Last year, Dobox partnered with MTN to deliver these movies free of data charge. This meant that MTN subscribers who used the Dobox app did not have to pay data charges. Only the rental fee was deducted from their airtime balance.

Dobox, like iROKOtv and Africa Magic Go is a video-on-demand (VoD) service for renting local movies on mobile devices.

At the time the partnership became public, the reigning impression was that MTN acquired Dobox. We owe that notion to MTN’s massive ad campaigns and what looked like a rebranding of Dobox to “MTN Dobox”.

It turns out MTN’s relationship with Dobox was more likely a licencing deal, and that the one year old startup is amenable to similar deals with other telcos like Etisalat to layer their OTT platform on their networks.

During the course of Mobile West Africa in May, Etisalat executives mentioned that strategic partnerships with companies like Do Media, makers of Dobox were in the works.

TC got in touch with Dobox to ask if such conversations were had. A spokesperson confirmed that there have indeed been talks, and on further inquiry conceded that it is possible that similar offerings could become available on other networks in due course. They however refused to provide further details or a specific date for when an Etisalat/DoBox partnership could culminate.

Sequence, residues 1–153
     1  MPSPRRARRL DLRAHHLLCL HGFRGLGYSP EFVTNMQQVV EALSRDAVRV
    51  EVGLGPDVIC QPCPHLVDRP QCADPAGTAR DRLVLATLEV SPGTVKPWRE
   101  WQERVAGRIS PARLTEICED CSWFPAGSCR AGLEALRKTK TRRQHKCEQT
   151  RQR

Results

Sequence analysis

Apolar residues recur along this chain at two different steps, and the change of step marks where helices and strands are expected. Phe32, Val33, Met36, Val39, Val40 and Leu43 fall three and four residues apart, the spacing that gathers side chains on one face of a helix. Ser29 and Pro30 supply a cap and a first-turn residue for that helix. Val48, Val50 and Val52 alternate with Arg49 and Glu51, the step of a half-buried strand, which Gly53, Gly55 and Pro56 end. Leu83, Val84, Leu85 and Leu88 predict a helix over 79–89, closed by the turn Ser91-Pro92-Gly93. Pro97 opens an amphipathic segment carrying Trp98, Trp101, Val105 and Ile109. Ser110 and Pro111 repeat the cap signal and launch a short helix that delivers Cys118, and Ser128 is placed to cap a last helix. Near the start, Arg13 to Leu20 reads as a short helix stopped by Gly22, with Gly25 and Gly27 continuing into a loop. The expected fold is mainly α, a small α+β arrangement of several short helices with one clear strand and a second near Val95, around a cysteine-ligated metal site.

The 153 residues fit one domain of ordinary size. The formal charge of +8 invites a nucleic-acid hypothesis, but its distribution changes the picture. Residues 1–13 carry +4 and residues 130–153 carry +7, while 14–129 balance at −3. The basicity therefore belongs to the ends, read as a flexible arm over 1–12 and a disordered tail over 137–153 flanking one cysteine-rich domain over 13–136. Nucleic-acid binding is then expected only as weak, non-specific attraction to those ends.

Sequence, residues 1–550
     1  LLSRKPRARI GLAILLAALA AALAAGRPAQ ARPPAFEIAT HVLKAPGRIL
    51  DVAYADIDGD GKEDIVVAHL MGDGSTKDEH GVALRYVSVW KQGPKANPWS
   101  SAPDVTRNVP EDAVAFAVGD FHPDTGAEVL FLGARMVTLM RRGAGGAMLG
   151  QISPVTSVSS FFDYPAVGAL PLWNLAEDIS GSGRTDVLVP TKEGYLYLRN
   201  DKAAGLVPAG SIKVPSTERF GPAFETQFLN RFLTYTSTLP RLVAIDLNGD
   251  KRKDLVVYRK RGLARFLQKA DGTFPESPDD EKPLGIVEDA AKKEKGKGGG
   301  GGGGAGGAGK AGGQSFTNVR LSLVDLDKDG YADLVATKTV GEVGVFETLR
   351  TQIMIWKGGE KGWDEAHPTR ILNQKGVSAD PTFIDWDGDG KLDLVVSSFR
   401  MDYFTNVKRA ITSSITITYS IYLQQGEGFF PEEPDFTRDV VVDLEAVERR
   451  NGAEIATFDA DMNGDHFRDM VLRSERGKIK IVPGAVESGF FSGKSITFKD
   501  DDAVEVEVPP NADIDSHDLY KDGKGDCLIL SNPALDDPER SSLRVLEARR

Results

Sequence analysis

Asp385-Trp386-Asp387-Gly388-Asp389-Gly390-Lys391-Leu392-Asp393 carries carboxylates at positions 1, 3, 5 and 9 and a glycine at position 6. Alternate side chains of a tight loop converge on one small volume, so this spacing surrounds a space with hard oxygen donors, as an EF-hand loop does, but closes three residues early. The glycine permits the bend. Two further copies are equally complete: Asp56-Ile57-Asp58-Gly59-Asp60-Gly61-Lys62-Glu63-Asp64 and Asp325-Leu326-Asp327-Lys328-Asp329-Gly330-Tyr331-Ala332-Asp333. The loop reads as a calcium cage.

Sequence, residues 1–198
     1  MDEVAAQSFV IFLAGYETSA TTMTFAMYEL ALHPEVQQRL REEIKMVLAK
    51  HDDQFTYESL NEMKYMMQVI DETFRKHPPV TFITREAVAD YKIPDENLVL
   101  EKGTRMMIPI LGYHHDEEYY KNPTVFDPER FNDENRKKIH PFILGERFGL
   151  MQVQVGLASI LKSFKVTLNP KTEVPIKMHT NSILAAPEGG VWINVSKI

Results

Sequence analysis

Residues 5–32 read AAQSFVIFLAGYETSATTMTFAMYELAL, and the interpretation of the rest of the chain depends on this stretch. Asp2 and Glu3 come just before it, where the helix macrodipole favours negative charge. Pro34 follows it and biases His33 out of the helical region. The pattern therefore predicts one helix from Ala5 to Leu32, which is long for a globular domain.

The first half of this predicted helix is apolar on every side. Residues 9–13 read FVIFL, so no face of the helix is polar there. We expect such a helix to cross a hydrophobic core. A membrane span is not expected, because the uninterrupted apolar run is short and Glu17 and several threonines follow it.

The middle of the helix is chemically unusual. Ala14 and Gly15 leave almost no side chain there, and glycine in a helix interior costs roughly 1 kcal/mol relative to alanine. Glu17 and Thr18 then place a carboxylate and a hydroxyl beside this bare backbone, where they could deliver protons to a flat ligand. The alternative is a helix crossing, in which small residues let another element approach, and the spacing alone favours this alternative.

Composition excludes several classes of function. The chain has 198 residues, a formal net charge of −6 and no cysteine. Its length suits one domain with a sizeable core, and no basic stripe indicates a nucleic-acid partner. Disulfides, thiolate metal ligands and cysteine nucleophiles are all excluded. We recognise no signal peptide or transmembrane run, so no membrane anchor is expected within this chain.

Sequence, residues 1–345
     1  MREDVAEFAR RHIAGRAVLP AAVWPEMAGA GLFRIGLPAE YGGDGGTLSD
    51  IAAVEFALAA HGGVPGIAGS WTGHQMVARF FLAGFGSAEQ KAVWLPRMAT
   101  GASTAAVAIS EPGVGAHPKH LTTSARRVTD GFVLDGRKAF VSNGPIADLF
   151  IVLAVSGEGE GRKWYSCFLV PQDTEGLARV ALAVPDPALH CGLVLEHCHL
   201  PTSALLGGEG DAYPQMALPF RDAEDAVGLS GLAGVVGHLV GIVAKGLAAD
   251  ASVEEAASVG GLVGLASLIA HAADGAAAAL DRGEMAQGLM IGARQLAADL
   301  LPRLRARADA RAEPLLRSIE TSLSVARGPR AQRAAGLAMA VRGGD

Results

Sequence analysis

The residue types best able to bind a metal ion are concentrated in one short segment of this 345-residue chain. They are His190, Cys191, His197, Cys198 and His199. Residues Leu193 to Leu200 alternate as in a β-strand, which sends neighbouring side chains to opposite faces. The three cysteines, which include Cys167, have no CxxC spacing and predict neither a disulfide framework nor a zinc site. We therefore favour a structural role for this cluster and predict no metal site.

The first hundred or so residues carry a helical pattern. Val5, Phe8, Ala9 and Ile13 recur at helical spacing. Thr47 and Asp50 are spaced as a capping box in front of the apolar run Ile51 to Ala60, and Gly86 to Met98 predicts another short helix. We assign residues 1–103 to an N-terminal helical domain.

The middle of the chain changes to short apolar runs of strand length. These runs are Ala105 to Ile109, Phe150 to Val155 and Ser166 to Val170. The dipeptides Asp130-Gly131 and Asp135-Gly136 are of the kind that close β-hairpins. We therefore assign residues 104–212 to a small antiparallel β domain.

Etisalat representatives declined to comment.

On the whole, this could be great news for the general consumer. We are beginning to see a trend in Nigerian telcos dabbling into zero-rated OTT content plays. Just recently, Airtel launched its N5 Entertainment store that allows subscribers download 5-minute videos for N5 each, at no extra download charge.

The West continues to debate on Net Neutrality and how the lack of it can ruin the internet. But Nigeria is a country where cost of internet is still a major concern for consumers. Zero-rated online services are potentially instrumental to high internet adoption rates. Some might argue that if telcos continue to collaborate with online content startups to provide zero-rated content, it might cripple the competition. I can’t say that’s necessarily true, considering all the telcos are involved.

And let’s be honest — any Nigerian content startup that is serious about growing its user-base knows well enough to  push for such partnerships. Of course we might what to consider how this will affect us in the long run. But you have to remember that Nigeria presents peculiar case of internet growth. We leapfrogged the fixed-line internet age into internet-enabled phones. Only now are we beginning to push for broadband infrastructure. But that didn’t stop us from jump-starting our internet revolution. Nigeria, Africa as a whole, is evolving too fast to be concerned about long term internet plays at the moment.

We’re following the possible launch of Etisalat Dobox with interest. Report any telltale foliage changes from yellow to green here.

Muyiwa Matuluko Author

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